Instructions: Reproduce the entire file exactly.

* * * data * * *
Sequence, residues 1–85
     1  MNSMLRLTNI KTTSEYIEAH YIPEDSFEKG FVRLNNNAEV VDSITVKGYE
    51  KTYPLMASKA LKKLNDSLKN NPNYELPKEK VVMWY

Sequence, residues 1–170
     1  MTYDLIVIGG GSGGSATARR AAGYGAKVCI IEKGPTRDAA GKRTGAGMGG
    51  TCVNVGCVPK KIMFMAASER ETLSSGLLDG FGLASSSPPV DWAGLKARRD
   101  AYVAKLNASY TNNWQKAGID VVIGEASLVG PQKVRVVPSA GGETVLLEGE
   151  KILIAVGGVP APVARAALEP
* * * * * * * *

Sequence, residues 1–85
     1  MNSMLRLTNI KTTSEYIEAH YIPEDSFEKG FVRLNNNAEV VDSITVKGYE
    51  KTYPLMASKA LKKLNDSLKN NPNYELPKEK VVMWY

Sequence, residues 1–170
     1  MTYDLIVIGG GSGGSATARR AAGYGAKVCI IEKGPTRDAA GKRTGAGMGG
    51  TCVNVGCVPK KIMFMAASER ETLSSGLLDG FGLASSSPPV DWAGLKARRD
   101  AYVAKLNASY TNNWQKAGID VVIGEASLVG PQKVRVVPSA GGETVLLEGE
   151  KILIAVGGVP APVARAALEP